Additionally, in EPA’s evaluation they considered use of a relative potency factor (RPF) approach which has been used for other chemical classes like polynuclear aromatic hydrocarbons (PAHs), but chose the HI approach as it “provides the most health protective endpoint for multiple PFAS in a mixture to ensure there would be no known or anticipated adverse effects on the health of persons”. EPA is requesting comment on the “merits and drawbacks” of the target-specific HI or RPF approach.

What do Drinking Water Systems Need to Do?

To determine the HI for these four PFAS, water systems would monitor and use the sampling results as inputs into the formula above. Water systems would use a calculator tool provided by EPA to easily determine their HI result. The tool performs the calculation for summing the HQ for each of the four PFAS.

Trigger Levels

Additionally, EPA is proposing use of a trigger level for the six PFAS compounds for which MCLs have been proposed. For the HI MCL approach for PFHxS, Genx, PFNA and PFBS, the EPA is proposing that if the HI is 0.33 or less (aka the trigger level), compliance monitoring could be less frequent (once or twice every three years, dependent on the size of the population served). EPA is requesting comment on establishing the trigger level at other levels for the HI, specifically 0.5. Additionally, EPA is requesting comment on the use of a sampling waiver up to nine years if (1) after one year of quarterly sampling, the HI is below rule trigger level or (2) when reduced monitoring is in place, the HI is below the trigger level after at least two consecutive three-year compliance period samples.

EPA is proposing that compliance will be determined based on the analytical results obtained at each entry point to the distribution system.

Some Considerations with the HI Approach

  • While commonly used in the assessment of noncarcinogenic risk, the use of an HI approach has not been used before as the basis for an MCL.
  • EPA is taking the stance that PFAS compounds will be evaluated cumulatively for noncarcinogenic PFAS; will it be their intention to add other PFAS to this HI?
  • In our experience, we do not often see the co-occurrence of GenX with the other three PFAS compounds used in the HI calculation (PFHxS, PFNA, PFBS).
  • The EPA has stated that a calculator will be available to every facility that is sampling PFAS; many facilities do not have staff that are comfortable with risk-based assessments and therefore, added cost for consulting may need to be borne by the facility.
  • Communication of this approach to the public could be challenging.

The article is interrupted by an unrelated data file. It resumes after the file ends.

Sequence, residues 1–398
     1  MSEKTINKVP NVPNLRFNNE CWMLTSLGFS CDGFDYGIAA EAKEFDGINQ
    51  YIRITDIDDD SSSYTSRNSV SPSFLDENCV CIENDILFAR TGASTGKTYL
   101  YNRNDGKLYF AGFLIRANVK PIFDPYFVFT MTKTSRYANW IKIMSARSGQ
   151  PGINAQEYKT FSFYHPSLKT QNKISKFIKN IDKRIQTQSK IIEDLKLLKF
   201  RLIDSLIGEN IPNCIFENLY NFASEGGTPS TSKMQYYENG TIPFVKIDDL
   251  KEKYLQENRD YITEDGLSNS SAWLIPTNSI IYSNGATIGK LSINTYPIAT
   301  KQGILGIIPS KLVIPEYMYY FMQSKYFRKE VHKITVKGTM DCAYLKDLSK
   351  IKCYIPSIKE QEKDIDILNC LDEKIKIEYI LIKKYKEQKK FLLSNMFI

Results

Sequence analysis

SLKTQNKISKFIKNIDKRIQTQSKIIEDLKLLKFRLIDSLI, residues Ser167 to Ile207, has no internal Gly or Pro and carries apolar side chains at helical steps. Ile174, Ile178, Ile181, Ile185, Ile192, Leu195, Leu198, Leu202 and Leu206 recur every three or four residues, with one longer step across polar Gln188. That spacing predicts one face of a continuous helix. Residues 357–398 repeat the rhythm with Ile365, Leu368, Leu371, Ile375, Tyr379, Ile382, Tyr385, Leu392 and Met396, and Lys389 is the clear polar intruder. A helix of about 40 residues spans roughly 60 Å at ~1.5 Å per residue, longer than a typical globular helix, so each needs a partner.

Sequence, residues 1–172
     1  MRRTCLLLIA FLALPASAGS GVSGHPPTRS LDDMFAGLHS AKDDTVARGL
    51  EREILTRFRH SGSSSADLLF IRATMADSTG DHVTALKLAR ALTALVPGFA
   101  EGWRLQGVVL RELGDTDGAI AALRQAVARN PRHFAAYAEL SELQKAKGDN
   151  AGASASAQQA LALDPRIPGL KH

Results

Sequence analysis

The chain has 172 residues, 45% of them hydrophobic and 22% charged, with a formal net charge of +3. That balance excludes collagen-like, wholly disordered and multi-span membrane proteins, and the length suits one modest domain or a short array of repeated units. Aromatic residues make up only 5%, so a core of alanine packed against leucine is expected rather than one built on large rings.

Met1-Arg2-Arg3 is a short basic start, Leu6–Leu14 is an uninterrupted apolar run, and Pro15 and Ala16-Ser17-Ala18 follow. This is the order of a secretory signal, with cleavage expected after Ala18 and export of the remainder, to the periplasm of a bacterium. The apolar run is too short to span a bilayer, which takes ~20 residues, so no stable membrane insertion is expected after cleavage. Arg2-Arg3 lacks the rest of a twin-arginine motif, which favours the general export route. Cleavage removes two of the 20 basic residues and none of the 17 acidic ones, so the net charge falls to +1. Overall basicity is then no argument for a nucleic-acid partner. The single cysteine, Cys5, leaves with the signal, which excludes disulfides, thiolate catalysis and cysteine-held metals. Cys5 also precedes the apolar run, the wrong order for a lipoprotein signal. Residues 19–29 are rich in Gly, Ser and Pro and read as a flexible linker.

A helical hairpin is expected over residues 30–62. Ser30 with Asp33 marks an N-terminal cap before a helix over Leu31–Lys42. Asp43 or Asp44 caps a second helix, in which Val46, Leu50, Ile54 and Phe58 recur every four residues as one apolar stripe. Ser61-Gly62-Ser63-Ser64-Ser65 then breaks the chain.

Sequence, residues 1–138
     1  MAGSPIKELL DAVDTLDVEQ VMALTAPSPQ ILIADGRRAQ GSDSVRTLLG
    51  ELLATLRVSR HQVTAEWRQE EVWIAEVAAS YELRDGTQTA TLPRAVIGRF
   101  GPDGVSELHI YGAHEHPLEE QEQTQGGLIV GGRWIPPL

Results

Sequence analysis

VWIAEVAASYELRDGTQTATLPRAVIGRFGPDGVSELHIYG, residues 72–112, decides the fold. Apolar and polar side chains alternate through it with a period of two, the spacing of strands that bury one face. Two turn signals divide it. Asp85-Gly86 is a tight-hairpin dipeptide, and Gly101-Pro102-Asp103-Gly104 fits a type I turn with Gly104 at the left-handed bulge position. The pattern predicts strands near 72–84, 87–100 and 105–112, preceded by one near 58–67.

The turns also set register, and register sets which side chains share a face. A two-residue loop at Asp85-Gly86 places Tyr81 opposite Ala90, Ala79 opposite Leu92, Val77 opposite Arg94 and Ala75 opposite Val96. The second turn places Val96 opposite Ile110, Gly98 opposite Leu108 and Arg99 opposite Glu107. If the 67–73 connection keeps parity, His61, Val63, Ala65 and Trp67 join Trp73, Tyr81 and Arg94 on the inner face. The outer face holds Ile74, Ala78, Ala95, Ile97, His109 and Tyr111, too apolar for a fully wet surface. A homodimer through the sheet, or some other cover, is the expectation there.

How You Can Prepare

  • Submit comments on the proposed rule by May 30, 2023 (within the 60-day comment period).
  • Develop a plan for how your entity will come into compliance with the rule.
  • There will likely be litigation associated with this proposed rule which will potentially delay the compliance dates – be aware of the timeline.
  • Consider conducting public outreach if your entity is affected by this proposed rule.

Overview of the Proposed MCLGs and MCLs for PFAS

Learn more about the final regulatory determination for contaminants on the Fourth Contaminant Candidate List. Our experts break down the criteria put forth to regulate PFOS and PFOA in drinking water and the implications of this proposed rule.

Read the Full Article

[1] The HI in this approach does not include the commonly utilized risk-based assumption of one significant figure. For this proposed approach, a HI of 1.2 would exceed the goal of 1 and be considered an exceedance. EPA is requesting comment on this approach of considering two significant figures (i.e., 1.2) instead of one significant figure (1.0).

Although the individual concentrations of the four PFAS may be below their respective HBWC, the summation of the HQs may result in an exceedance of the HI MCL or MCLG.

[2] USEPA. 2022. Transmittal of the Science Advisory Board Report titled, ‘‘Review of EPA’s Analyses to Support EPA’s National Primary Drinking Water Rulemaking for PFAS.’’ EPA–22–008. Available on the internet at:

Jenny Phillips, DABT, Director of Technical Development, VP

Jenny Phillips, Director of Technical Development, VP – Jenny Phillips leads the Technical Development Unit of TRC, focusing on Emerging Contaminants. She is an expert in human health and ecological risk assessment with a focus in risk communication and stakeholder discussions. Ms. Phillips also leads TRC’s Center for Research and Expertise which includes 30+ technical teams. Contact Ms. Phillips at

Faith Morse

Faith is an Environmental Intern working on TRC’s environmental risk team. She has experience with environmental fieldwork, laboratory research and risk evaluations. In college, she conducted research focusing on the use of biochar as an emerging remedial technology for contaminated marine environments. As a recent graduate from Western Washington University, she holds a bachelor’s degree in Environmental Science with an emphasis in toxicology. Faith can be reached at